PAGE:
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Div. of Media Relations
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(404) 639-3286
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MMWR
Synopsis for December 8, 2000

MMWR articles are embargoed until 4 p.m. E.S.T. Thursdays.

  1. Influenza Activity — United States, 2000–01 Season
  2. Pseudomonas Dermatitis Associated With Pools and Hot Tubs — Colorado and Maine, 1999–2000
  3. Respiratory Syncytial Virus Activity — United States, 1999–2000 Season

Public Health Dispatch

Outbreak of Poliomyelitis — Dominican Republic and Haiti, 2000
During July 12-November 18, 2000, 19 persons with acute flaccid paralysis (AFP) were identified in the Dominican Republic, including six laboratory-confirmed cases with poliovirus type 1 isolates. In addition, a poliovirus type 1 isolate was identified from an AFP case in Haiti that had paralysis onset on August 30. The outbreak virus is unusual because it is derived from oral poliovirus vaccine (OPV). Also, the outbreak represents the first evidence of poliovirus transmission in the Americas since the last poliomyelitis case was reported in 1991.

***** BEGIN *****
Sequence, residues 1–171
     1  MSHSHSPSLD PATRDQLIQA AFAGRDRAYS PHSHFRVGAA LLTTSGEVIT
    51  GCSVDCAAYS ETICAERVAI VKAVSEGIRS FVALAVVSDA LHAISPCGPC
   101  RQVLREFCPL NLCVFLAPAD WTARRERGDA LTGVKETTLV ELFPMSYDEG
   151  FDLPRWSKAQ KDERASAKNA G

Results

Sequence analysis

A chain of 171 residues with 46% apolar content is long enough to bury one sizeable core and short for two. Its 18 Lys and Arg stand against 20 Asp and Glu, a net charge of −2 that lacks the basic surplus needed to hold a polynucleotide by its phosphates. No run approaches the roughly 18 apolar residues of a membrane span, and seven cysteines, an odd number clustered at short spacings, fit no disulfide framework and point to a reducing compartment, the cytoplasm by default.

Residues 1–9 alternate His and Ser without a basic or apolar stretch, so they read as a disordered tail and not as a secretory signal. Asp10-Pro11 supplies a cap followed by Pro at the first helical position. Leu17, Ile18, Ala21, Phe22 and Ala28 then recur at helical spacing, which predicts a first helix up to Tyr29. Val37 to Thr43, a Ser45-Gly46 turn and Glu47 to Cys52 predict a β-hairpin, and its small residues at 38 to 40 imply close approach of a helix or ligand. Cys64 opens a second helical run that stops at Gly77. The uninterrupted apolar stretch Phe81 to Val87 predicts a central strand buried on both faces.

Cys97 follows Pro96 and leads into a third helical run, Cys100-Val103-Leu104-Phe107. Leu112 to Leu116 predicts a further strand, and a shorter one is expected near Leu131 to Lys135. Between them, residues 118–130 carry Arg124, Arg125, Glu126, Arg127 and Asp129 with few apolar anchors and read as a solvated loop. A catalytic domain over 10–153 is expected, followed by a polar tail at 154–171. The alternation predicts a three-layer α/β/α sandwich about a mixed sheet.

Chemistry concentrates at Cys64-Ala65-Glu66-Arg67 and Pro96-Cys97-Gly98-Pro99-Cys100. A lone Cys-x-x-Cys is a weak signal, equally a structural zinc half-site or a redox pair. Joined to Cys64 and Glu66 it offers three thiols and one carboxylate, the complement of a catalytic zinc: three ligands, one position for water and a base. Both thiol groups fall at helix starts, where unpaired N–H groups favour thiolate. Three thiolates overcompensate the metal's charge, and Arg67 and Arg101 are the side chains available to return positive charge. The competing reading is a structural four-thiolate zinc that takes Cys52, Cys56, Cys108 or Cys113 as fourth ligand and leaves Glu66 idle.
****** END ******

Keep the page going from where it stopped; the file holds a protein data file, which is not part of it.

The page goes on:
Contact: Division of Media Relations
CDC, Office of Communication
(404) 639-3286


Recommendations and Reports

December 8, 2000/Vol. 49/RR-14
Recommendations for Blood Lead Screening of Young Children Enrolled in Medicaid: Targeting a Group at High Risk Advisory Committee on Childhood Lead Poisoning Prevention (ACCLPP)